Hegemonic Peace And Empire

Autore: Ali Parchami
Editore: Taylor & Francis
ISBN: 0203879295
Grandezza: 54,99 MB
Formato: PDF, Kindle
Vista: 9607
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This book examines the language and the ideology of the Pax Romana, the Pax Britannica and the Pax Americana within the broader contexts of 'hegemony' and 'empire'. It addresses three main themes: a conceptual examination of the way in which hegemony has been justified; a linguistic study of how the notion of pax (usually translated as peace) has been used in ancient and modern times; and a study of the international orders created by Rome and Britain. Using an historiographical approach, the book draws upon texts from Greco-Roman antiquity, and sources from the nineteenth, twentieth and twenty-first centuries to show how the pax ideology has served as a justification for hegemonic foreign policy, and as an intellectual exercise in power projection. From Tacitus' condemnation of what he described as 'creating a wilderness and calling it peace', to debates about the establishment of a Pax Americana in post-Saddam Hussein's Iraq, the book shows not only how the governing elite in each of the three hegemonic orders prescribed to a loose interpretation of the pax ideology, but also how their internal disagreements and different conceptualisations of pax have affected the process of 'empire-building'. This book will be of interest to students of international history, empire, and International Relations in general.

Hegemonic Peace And Empire

Autore: Ali Parchami
Editore: Routledge
ISBN: 1134007043
Grandezza: 28,83 MB
Formato: PDF, Kindle
Vista: 219
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This book examines the language and the ideology of the Pax Romana, the Pax Britannica and the Pax Americana within the broader contexts of 'hegemony' and 'empire'. It addresses three main themes: a conceptual examination of the way in which hegemony has been justified; a linguistic study of how the notion of pax (usually translated as peace) has been used in ancient and modern times; and a study of the international orders created by Rome and Britain. Using an historiographical approach, the book draws upon texts from Greco-Roman antiquity, and sources from the nineteenth, twentieth and twenty-first centuries to show how the pax ideology has served as a justification for hegemonic foreign policy, and as an intellectual exercise in power projection. From Tacitus' condemnation of what he described as 'creating a wilderness and calling it peace', to debates about the establishment of a Pax Americana in post-Saddam Hussein's Iraq, the book shows not only how the governing elite in each of the three hegemonic orders prescribed to a loose interpretation of the pax ideology, but also how their internal disagreements and different conceptualisations of pax have affected the process of 'empire-building'. This book will be of interest to students of international history, empire, and International Relations in general.

Dictionary Of Ethics Theology And Society

Autore: Paul A. B. Clarke
Editore: Routledge
ISBN: 1136120920
Grandezza: 64,84 MB
Formato: PDF, Mobi
Vista: 7224
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This Dictionary provides a unique and ground-breaking survey of both the historical and contemporary relations between ethics, theology and society. Entries cover all aspects of theology , philosophy, ethics, economics, and politics.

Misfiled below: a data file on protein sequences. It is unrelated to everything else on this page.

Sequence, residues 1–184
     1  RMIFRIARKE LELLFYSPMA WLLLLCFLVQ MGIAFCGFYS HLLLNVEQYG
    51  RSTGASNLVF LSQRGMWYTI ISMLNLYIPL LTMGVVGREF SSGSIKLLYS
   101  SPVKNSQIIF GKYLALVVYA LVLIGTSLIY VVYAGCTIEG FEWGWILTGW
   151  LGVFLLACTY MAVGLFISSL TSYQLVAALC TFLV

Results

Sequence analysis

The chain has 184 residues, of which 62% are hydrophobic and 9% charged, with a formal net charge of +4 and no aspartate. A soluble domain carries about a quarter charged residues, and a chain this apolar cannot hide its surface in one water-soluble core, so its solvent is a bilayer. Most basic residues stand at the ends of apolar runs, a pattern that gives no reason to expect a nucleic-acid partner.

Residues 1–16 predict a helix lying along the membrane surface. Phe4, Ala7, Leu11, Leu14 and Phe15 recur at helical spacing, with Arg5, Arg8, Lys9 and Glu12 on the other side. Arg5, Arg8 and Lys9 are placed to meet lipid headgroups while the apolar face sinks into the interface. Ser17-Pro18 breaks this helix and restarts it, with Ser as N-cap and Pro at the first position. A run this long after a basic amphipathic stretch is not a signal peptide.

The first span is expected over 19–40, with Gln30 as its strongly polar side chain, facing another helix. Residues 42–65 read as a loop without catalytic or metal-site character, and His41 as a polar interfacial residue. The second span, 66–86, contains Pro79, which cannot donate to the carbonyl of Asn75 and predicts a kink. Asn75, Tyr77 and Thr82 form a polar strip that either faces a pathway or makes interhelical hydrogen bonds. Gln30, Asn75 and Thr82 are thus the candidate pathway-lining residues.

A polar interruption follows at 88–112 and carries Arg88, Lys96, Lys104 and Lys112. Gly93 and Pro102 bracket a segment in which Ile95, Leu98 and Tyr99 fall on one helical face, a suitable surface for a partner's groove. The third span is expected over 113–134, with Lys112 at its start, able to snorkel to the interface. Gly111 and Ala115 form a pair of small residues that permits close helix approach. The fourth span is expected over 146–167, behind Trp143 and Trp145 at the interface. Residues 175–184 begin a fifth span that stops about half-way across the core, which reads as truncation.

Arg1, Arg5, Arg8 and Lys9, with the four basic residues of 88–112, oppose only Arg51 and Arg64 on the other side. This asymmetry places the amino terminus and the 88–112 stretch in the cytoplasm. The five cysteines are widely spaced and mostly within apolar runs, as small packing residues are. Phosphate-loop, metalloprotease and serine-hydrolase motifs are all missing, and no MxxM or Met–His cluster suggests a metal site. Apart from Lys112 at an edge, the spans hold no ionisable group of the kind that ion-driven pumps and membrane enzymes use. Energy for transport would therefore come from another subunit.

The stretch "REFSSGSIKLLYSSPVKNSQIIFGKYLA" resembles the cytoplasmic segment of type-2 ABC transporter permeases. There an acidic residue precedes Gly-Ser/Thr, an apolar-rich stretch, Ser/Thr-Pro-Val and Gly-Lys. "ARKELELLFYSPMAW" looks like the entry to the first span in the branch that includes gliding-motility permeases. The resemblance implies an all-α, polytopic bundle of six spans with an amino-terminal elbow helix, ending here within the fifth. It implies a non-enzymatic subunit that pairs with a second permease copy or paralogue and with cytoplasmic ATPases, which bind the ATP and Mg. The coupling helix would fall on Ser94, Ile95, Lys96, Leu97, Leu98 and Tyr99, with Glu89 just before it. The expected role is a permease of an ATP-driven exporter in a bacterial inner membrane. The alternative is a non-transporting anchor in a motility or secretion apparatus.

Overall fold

Coping With Violence In The New Testament

Autore: Pieter G.R. de Villiers
Editore: BRILL
ISBN: 9004221050
Grandezza: 53,66 MB
Formato: PDF, Mobi
Vista: 1024
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The present publication aims to contribute to the recent scholarly debate about the interconnections between violence and monotheistic religions by analysing the role of violence in the New Testament as well as by offering some hermeneutical perspectives on violence as it is articulated in the earliest Christian writings.

Pax And The Politics Of Peace

Autore: Hannah Cornwell
Editore: Oxford University Press
ISBN: 0198805632
Grandezza: 19,39 MB
Formato: PDF, Kindle
Vista: 4087
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Perhaps in defiance of expectations, Roman peace (pax) was a difficult concept that resisted any straightforward definition: not merely denoting the absence or aftermath of war, it consisted of many layers and associations and formed part of a much greater discourse on the nature of power and how Rome saw her place in the world. During the period from 50 BC to AD 75 - covering the collapse of the Republic, the subsequent civil wars, and the dawn of the Principate-the traditional meaning and language of peace came under extreme pressure as pax was co-opted to serve different strands of political discourse. This volume argues for its fundamental centrality in understanding the changing dynamics of the state and the creation of a new political system in the Roman Empire, moving from the debates over the content of the concept in the dying Republic to discussion of its deployment in the legitimization of the Augustan regime, first through the creation of an authorized version controlled by the princeps and then the ultimate crystallization of the pax augusta as the first wholly imperial concept of peace. Examining the nuances in the various meanings, applications, and contexts of Roman discourse on peace allows us valuable insight into the ways in which the dynamics of power were understood and how these were contingent on the political structures of the day. However it also demonstrates that although the idea of peace came to dominate imperial Rome's self-representation, such discourse was nevertheless only part of a wider discussion on the way in which the Empire conceptualized itself.